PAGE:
Shields, who also served as Cal Poly's co-offensive coordinator in 2004 and 2005, departed San Luis Obispo in 2006 when he began a two-year stint as head coach at Eastern Oregon University (2006-07), the first two years the program competed in the scholarship Frontier League of NAIA. Shields led the Mountaineers to a 6-5 finish in 2006, winning their last three games. Prior to that year, the Frontier coaches had picked EOU to finish in last place.

As co-offensive coordinator at Cal Poly during his previous two seasons, Shields was instrumental in developing a dynamic spread-option offensive attack and guiding Cal Poly to its first NCAA Division I Football Championship Subdivision playoff berth and victory in 2005. That year, the Mustang offense averaged 27.2 points and 352.8 yards per game as Cal Poly posted a 9-4 record and reached the quarterfinal round of the national playoffs.

Cal Poly's offense generated 30.2 points and 387.2 yards a contest in 2004, racing to a 9-2 record and the first of two Great West Football Conference championships.

A 1994 graduate of Oregon State University and former quarterback for the Beavers, Shields served a one-year term as offensive coordinator at Bucknell University in 2003. The Bison recorded the biggest single-season turnaround in Patriot League history that season, leading the league in rushing, passing efficiency, turnover margin, fewest penalties against and fewest sacks against.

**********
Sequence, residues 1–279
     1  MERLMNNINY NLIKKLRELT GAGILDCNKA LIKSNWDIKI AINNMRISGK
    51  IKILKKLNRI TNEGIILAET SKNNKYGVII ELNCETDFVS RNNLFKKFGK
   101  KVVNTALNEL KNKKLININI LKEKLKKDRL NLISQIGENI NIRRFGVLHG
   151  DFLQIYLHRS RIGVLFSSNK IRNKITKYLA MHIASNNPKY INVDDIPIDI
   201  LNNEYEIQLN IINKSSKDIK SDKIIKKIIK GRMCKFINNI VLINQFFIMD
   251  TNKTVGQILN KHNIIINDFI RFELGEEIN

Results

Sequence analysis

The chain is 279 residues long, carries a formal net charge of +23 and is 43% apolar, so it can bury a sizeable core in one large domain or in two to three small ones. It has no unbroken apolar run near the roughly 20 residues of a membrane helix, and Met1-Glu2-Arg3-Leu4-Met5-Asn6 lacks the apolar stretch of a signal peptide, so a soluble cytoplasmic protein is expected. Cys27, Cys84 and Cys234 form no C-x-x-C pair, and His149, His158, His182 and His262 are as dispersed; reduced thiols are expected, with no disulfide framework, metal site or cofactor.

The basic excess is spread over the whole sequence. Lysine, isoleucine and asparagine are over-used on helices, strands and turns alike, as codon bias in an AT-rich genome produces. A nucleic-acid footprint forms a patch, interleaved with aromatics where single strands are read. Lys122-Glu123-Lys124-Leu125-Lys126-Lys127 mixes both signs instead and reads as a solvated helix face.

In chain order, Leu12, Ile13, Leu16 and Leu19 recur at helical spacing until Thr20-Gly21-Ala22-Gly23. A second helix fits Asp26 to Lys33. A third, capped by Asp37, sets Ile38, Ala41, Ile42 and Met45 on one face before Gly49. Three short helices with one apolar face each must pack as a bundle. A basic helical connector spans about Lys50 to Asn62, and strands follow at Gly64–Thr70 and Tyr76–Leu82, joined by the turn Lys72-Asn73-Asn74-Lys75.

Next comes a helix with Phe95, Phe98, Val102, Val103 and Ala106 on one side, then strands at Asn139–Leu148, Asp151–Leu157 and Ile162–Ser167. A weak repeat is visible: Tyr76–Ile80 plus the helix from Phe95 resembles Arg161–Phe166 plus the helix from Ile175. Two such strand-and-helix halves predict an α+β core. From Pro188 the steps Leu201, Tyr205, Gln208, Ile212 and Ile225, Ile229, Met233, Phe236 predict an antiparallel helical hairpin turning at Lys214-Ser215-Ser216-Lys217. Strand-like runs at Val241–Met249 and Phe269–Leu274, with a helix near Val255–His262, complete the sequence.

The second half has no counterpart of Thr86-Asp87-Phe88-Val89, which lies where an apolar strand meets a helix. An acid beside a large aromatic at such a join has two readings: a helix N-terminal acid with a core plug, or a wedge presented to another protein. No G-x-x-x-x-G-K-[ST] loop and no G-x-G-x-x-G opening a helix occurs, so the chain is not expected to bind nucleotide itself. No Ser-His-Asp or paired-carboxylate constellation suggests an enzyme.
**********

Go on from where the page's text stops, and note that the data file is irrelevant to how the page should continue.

A native Oregonian, Shields began his coaching career as a graduate assistant at Oregon State. He worked with the Beavers' linebackers, tight ends, quarterbacks and running backs, while assisting with OSU's special teams during that three-season (1994-96) stay. He moved on to Eastern Oregon for the first time in 1997, assuming offensive coordinator duties for three years (1997-99). During that time he helped to develop the Mountaineers' all-time leading passer, rusher and receiver. Eastern Oregon's offense established 35 school records during that period.

Shields moved on to Saint Mary's in 2000, heading the Gaels' vaunted spread-option attack for three seasons (2000-02). St. Mary's finished in the top five nationally in rushing offense each of those seasons. In his first season at St, Mary's, Shields helped the Gaels shatter single season school records in rushing yards (3404), touchdowns (50) and first downs (233). St. Mary's also established single game school standards in scoring (71 points) and rushing yards (535).

Shields, who lettered three times in football and twice in baseball at Oregon State, was elected team captain of the gridiron squad during his final campaign. He graduated with a bachelor's degree in speech communication and earned a master's degree in interdisciplinary studies from OSU in 1997.

He and his wife, Norma, a former collegiate volleyball standout at Eastern Oregon, have three sons: Beau, Jonah and Jordan.